After landing at the Dublin airport and grabbing a rental car, we headed north toward Belfast in Northern Ireland and stopped at some sights along the way. Self-driving in Ireland can be somewhat of a challenge, and we had many factors to consider before deciding if that was the right mode of transportation for us. In Ireland, the driver sits on the right side of the car, and traffic flows on the left side–everything is opposite as to how we drive in the United States. Driving this way takes some getting used to, and no doubt, a number of US drivers (including us) return rental vehicles with a ding or two of damage from getting too close to the hedges that line so many roads in Ireland.
On our way to Belfast, we made stops at Trim Castle–the largest Norman castle in Ireland which was completed on 1220 and used as a filming location in the movie Braveheart–the ruins of Bective and Old Mellifont abbeys, the ancient archeological sites of Newgrange and Knowth which are 5000 year old “passage tombs,” and the ruins of Monasterboice, which is famous for ornately carved high crosses.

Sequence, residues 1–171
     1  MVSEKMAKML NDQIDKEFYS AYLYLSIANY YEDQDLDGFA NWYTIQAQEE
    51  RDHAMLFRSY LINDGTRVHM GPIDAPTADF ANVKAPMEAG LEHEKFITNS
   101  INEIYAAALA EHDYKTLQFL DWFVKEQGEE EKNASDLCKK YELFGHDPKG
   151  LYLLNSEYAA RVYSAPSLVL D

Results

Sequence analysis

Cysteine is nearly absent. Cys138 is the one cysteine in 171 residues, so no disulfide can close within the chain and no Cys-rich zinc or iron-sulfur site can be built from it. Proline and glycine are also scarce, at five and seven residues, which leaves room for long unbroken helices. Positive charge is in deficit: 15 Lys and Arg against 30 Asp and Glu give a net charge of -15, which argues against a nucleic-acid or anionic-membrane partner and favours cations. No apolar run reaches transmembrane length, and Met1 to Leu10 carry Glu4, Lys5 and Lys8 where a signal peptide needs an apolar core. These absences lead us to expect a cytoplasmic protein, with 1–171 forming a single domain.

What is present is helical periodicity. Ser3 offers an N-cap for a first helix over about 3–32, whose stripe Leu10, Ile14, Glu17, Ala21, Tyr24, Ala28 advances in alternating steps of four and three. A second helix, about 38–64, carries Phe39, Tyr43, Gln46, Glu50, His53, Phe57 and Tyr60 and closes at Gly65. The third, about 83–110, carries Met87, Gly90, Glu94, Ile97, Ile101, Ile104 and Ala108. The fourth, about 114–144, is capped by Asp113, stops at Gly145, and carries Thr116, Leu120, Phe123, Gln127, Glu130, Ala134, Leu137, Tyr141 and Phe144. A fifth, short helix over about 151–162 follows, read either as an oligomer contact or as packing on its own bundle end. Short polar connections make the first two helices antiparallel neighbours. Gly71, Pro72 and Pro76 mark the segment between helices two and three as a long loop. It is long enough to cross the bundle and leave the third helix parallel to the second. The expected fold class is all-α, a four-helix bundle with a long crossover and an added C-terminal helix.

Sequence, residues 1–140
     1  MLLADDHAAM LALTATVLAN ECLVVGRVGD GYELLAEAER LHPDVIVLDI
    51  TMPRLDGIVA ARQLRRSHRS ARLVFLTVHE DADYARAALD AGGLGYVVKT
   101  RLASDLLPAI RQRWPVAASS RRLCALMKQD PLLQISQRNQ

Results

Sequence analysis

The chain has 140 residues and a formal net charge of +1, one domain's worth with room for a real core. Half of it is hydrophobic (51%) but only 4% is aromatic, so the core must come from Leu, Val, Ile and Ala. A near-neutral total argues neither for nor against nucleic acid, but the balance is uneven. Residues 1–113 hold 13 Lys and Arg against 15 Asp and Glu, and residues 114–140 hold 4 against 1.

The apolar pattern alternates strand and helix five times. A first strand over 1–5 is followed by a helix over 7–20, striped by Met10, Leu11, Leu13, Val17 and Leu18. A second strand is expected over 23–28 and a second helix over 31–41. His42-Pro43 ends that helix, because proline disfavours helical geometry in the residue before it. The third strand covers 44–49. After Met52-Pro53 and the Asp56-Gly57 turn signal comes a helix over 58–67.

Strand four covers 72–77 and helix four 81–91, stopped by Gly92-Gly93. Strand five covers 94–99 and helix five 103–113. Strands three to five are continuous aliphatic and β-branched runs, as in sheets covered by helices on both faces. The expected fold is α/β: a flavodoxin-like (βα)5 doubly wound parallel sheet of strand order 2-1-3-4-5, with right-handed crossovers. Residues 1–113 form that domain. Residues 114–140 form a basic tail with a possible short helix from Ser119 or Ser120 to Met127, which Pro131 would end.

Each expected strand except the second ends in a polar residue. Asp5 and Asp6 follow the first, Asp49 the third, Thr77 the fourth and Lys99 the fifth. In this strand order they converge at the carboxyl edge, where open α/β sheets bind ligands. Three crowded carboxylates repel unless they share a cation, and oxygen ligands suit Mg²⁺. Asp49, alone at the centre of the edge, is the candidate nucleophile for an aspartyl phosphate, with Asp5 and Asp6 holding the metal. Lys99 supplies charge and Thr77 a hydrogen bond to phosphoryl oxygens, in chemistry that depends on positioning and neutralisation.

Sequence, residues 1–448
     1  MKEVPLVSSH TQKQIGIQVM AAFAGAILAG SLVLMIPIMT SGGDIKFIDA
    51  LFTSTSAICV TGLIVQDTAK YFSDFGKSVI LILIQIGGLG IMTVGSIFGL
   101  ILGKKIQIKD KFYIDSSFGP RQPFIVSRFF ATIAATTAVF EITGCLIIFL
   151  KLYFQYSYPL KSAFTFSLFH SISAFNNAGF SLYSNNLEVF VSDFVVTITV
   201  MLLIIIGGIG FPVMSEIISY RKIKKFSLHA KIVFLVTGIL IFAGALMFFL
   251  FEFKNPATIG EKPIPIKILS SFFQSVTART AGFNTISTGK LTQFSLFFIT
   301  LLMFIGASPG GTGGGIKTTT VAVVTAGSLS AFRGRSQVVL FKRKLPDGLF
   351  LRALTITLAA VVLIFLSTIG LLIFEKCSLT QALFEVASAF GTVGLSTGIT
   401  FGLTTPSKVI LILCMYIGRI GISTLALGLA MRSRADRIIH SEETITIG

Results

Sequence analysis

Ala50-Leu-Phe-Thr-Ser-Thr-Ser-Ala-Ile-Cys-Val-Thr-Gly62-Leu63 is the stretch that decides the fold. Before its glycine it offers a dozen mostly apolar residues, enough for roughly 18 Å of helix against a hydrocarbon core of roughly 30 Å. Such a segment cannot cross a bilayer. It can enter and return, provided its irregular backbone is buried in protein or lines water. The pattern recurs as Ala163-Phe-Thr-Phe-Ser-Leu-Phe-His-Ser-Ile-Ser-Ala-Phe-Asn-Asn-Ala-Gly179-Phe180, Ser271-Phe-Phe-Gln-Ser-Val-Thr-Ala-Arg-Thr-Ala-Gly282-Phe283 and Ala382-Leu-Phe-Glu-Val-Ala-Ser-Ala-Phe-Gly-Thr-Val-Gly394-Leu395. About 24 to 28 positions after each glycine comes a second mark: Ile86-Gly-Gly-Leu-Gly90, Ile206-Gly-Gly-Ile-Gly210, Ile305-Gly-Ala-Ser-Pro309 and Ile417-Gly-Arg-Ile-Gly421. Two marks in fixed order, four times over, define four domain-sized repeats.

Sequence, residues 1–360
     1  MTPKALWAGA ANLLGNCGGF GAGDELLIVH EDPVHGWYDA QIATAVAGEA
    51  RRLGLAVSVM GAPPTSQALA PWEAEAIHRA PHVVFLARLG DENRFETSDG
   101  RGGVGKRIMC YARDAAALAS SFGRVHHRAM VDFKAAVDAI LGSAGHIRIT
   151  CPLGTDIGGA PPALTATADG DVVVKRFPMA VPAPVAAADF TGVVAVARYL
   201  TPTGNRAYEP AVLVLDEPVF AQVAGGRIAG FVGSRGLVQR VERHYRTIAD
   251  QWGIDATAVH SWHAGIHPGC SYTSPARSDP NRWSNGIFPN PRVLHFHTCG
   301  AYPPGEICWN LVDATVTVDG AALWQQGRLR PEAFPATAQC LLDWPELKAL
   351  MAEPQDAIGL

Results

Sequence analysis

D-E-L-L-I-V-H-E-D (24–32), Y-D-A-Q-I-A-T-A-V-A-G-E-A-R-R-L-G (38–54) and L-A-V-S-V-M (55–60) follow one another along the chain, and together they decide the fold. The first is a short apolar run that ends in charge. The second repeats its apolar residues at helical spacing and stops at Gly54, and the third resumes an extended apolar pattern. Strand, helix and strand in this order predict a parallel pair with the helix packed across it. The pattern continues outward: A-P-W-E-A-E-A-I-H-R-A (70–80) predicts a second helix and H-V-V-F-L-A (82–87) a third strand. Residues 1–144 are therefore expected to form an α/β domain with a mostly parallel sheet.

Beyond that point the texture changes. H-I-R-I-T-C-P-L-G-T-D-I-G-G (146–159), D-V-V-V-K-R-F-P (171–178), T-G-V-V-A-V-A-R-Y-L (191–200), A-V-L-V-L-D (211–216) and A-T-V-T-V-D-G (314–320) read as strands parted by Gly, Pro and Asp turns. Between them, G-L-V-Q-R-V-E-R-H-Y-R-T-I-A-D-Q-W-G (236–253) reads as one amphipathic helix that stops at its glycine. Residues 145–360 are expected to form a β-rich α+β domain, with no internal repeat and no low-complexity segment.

In Belfast we dined at the Crown Liquor Pub and had a very interesting private tour of the areas where “the troubles” occur. This tour was such an interesting part of our trip and we appreciated the guide sharing his experience growing up in the Falls Road area of Belfast. “The Troubles,” which refers to the tension between Protestants and Catholics in Northern Ireland, is something we have heard about in the news, but truly did not understand. We appreciated learning about the history of the tension, and signed our names to the “peace wall,” hoping that peace remains in that part of the world.